A majority of likely voters in Arizona says current gun laws are not strict enough, according to a new OH Predictive Insights Poll released Thursday, marking a shift in a hot-button issue.
Fifty-four percent of likely Arizona voters said the current laws in the state on the sale and ownership of guns are insufficiently strict, a 6-point rise from May, while those who believe the laws are too strict dropped 2 points, to 4 percent. Of those surveyed, 46 percent said that they or someone in their household owned a gun.
Republican and Democratic support for increased gun control legislation remained relatively consistent since May, with 29 percent and 76 percent, respectively, saying this that gun laws are not strict enough. However, support from independent voters for stricter gun laws shot up by 17 points since May, with 60 percent saying existing laws are too lax.
The survey was conducted after the two mass shootings earlier this month in El Paso, Texas, and Dayton, Ohio, which killed a combined 31 people.
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“The recent spate of gun violence across the country is clearly shifting public opinion,” said Mike Noble, chief of research and managing partner of OH Predictive Insights, a Phoenix-based research company. “In the last three months, the most notable demographic shift was among the coveted Independent voter bloc while Republicans and Democrats saw only a marginal shift.”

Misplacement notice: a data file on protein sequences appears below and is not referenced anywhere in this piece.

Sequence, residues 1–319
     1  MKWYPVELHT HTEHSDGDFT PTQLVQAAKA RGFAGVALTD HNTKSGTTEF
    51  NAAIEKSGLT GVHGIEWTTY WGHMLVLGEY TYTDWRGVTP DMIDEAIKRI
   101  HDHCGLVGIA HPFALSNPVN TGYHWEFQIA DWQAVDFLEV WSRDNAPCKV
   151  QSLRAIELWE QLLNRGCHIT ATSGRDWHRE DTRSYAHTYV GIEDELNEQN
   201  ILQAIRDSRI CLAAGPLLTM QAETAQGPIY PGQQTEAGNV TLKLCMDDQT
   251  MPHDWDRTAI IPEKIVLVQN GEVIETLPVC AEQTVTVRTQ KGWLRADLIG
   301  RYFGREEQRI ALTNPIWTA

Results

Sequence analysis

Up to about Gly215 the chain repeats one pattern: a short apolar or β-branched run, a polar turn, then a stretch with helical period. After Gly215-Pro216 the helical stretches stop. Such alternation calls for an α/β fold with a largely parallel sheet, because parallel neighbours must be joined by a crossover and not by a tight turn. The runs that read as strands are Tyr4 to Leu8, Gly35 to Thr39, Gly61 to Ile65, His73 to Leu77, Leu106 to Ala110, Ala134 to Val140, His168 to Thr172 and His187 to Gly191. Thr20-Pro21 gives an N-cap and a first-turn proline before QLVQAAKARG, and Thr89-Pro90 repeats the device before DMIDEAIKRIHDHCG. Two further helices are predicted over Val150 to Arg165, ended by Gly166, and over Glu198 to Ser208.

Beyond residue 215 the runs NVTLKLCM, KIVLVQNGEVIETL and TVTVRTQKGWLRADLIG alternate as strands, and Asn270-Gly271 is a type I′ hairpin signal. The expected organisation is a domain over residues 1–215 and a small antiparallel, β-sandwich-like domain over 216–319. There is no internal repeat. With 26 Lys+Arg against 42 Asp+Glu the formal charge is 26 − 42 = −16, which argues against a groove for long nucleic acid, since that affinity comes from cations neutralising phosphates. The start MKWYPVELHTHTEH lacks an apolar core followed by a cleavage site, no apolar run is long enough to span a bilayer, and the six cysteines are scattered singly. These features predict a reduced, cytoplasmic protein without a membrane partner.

The latest poll is welcome news for Democrats, who are hoping to turn gun control into a key issue heading into the 2020 cycle. Arizona is home to one of the most competitive Senate races next year and is also increasingly seen as a presidential battleground.
The OH Predictive Insights poll surveyed 600 likely voters from Aug. 13 to 14 and has a margin of error of plus or minus 4 percentage points.